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Many governments in Africa are establishing regulations to further control the flow of information on the internet. This trend includes holding intermediaries liable for content circulated by their users on their platforms and networks. APCNews talked to researcher Nicolo Zingales to find out more about the issue in the African context.

What aspects of intermediary liability do you think are relevant for internet rights activists?

Generally speaking, intermediary liability can affect anyone who is engaged in communication on the internet. This is because the mere existence of potential liability for intermediaries for “carrying the message” creates a system of adverse incentives for free speech, which can manifest itself in two forms. One is through removal requests that can be submitted to the intermediary after content has been uploaded: the intermediary’s awareness of the possibility of being found liable for not complying with such requests tends to lead to semi-automatic obedience (or at least, to errors in favour of censorship rather than in favour of free expression). This is normally obtained through a take-down procedure, where the legal system provides for one.

The second form of manifestation of this problem is that the intermediary is from the outset incentivised to prevent the existence or the uploading of certain content which can then subject the intermediary to liability, if there is even a small possibility that this content is found to be illegal. The intermediary can do this by adopting restrictive terms of service that do not allow for “dangerous” content from this perspective. This would often include “edgy” content, i.e. content not in line with the mainstream view or with a broad and far-reaching understanding of the scope of an individual’s right to privacy, dignity or intellectual property. On this last point, it should be noted that criticism, parody and transformative use of someone else’s content are an integral part of freedom of expression ‒ as well as of copyright law, which is often invoked to justify free speech restrictions.

I think that the problem of “chilling effects” is particularly relevant in the case of activists, who may argue for change in a manner that is controversial ‒ both for governments and for certain classes of private individuals ‒ and therefore place significant reliance on their ability to work around the edges of the rights of others to restrict their speech. So, a limited and reasoned regime of intermediary liability is very important in general, and for activists even more important to enable free speech.

An additional but related point concerns the responsibility of intermediaries with regard to the use of the personal identifying information of their users, which is not perceived as an issue of intermediary liability in its traditional and narrow sense (i.e. of indirect liability for content generated by users) but can still be linked to the sphere of competence of intermediaries and therefore to intermediary liability broadly understood. In particular, the liability of intermediaries for disclosing personal information to governments or private parties in violation of the applicable legal rules would be a direct infringement. Obviously, the rules governing this kind of behaviour have a downstream effect on users’ free speech, as well as their willingness to engage in certain kinds of transactions (including the use of internet services in a particular country altogether) which can be crucial for activists to reach their audience.

Can you give me examples of internet intermediaries that people interact with on a daily basis, globally and in Africa?

In the background paper I mentioned that the role of intermediaries today is ubiquitous because it is intrinsic to the essence of global networked communication, where there is intermediation at several layers of the communication chain. More specifically, however, I can think of three among the several categories of intermediaries I mentioned in the paper that are most frequently called on to make crucial judgements for user-generated content. The first is internet service providers (ISPs) ‒ in a narrow sense, internet connectivity providers. The second is social networks and search services, although it should be noted that most of the companies offering these services are based outside Africa (often in the US) and therefore there is a problem of enforcement jurisdiction as well as a problem of rules and standards that may contrast with those that these companies have to comply with in their country of origin. The third is news portals, blogs and other websites allowing for user posting.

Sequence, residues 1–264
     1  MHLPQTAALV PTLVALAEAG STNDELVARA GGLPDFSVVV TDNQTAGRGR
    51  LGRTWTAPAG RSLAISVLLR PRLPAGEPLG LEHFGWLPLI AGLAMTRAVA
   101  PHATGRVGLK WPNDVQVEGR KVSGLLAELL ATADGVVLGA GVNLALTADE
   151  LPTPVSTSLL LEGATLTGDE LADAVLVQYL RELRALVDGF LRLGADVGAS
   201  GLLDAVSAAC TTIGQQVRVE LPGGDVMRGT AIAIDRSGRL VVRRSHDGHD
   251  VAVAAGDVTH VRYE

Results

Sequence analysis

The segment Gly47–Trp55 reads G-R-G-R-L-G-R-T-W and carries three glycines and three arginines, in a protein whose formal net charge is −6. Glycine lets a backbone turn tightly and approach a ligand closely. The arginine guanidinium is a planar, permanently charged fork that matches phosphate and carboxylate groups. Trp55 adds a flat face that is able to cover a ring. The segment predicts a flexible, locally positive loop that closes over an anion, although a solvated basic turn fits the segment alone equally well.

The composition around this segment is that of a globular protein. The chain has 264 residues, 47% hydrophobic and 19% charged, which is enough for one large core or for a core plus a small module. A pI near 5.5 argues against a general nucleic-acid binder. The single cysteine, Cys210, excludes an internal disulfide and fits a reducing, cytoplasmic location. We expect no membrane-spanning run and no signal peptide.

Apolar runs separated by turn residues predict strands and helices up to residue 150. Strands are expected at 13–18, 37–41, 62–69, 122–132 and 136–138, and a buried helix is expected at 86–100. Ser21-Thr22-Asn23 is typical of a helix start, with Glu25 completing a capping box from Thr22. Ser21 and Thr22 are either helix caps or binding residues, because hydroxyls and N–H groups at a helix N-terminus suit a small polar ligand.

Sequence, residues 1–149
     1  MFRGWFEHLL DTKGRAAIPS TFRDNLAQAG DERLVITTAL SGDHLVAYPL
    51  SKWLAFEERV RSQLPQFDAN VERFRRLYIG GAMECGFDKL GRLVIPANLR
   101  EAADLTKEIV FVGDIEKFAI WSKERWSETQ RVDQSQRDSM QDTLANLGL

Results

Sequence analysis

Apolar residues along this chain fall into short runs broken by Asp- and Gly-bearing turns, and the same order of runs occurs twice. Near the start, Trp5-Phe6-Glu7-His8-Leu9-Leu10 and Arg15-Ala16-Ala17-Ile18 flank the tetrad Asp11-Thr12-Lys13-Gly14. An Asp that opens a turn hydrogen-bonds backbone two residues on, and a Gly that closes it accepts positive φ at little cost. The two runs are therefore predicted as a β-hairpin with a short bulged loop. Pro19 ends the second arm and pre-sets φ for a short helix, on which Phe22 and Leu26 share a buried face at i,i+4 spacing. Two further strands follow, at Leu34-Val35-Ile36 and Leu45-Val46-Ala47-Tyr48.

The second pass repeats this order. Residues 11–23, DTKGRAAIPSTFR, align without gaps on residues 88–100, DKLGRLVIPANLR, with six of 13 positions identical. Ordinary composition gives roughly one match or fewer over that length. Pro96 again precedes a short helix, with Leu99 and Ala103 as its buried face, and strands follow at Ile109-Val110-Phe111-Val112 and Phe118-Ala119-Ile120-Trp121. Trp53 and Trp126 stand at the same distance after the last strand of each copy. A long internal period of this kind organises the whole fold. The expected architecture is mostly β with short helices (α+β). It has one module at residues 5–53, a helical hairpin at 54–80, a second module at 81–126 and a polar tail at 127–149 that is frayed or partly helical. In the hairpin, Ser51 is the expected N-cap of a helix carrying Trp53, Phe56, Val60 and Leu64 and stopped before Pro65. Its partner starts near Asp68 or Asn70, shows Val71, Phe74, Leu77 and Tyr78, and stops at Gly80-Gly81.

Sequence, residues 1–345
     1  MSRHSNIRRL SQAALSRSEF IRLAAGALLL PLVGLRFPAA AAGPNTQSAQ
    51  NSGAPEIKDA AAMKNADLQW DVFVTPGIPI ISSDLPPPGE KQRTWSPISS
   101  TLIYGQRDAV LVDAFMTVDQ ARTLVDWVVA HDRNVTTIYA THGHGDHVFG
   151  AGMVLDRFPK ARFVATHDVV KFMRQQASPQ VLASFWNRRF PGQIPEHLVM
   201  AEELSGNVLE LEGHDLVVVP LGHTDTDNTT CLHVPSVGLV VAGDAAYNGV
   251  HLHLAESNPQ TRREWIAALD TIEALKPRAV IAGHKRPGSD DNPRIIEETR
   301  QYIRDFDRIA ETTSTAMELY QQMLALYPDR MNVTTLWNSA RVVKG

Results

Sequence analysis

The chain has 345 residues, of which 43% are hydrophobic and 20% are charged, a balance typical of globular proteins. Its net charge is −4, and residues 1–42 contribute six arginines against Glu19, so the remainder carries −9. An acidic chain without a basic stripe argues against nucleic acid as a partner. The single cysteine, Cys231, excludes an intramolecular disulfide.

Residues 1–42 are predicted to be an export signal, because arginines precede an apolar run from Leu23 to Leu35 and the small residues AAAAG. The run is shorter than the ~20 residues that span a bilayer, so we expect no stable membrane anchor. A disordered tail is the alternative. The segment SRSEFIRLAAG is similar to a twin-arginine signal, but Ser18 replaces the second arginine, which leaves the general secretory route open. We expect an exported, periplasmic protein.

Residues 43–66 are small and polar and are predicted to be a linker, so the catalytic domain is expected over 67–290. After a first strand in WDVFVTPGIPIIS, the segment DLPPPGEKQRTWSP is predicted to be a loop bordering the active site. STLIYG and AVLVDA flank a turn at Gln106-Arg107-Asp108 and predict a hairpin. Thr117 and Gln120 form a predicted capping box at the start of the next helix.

In your article, you made reference to the term “safe harbour” in legislative frameworks. Can you please explain what the term means? Can you give us some examples for African countries? And why are they important?

Basically, safe harbour is a term that refers to an area of legality that companies can rely on so as to be sheltered from potential liability. It is also called “immunity”, although it never goes as far as entitling a company to complete immunity ‒ its benefits being subordinated to the fulfilment of specific conditions.

So far, the only country in which I am aware of a safe harbour provision in Africa is South Africa. In this respect, we have to recognise that bringing the concept of safe harbours into legislation constitutes a good practice and a leading example in the region, which follows the inspiration of older and in some aspects more advanced systems such as those in the US and EU.

However, it also needs to be recognised that the safe harbour suffers from a problem, in that it imposes stringent conditions by requiring companies to be part of a government-approved industry representative body and to adopt and implement the corresponding code of conduct. The conditions to become an industry representative body are quite lengthy and burdensome, and that is arguably why so far we have only one industry representative body in South Africa, which is the Internet Service Providers’ Association (ISPA). Basically, at present an intermediary that wants to benefit from safe harbour in South Africa needs to register with this association, which can be a problem or not make much sense for companies who have a completely different business model from ISPs. Furthermore, small intermediaries like bloggers may feel that they do not have the capacity to afford the annual fee required by the ISPA, with the consequence of either operating at threat of indirect liability or being deterred from starting or continuing their activity altogether.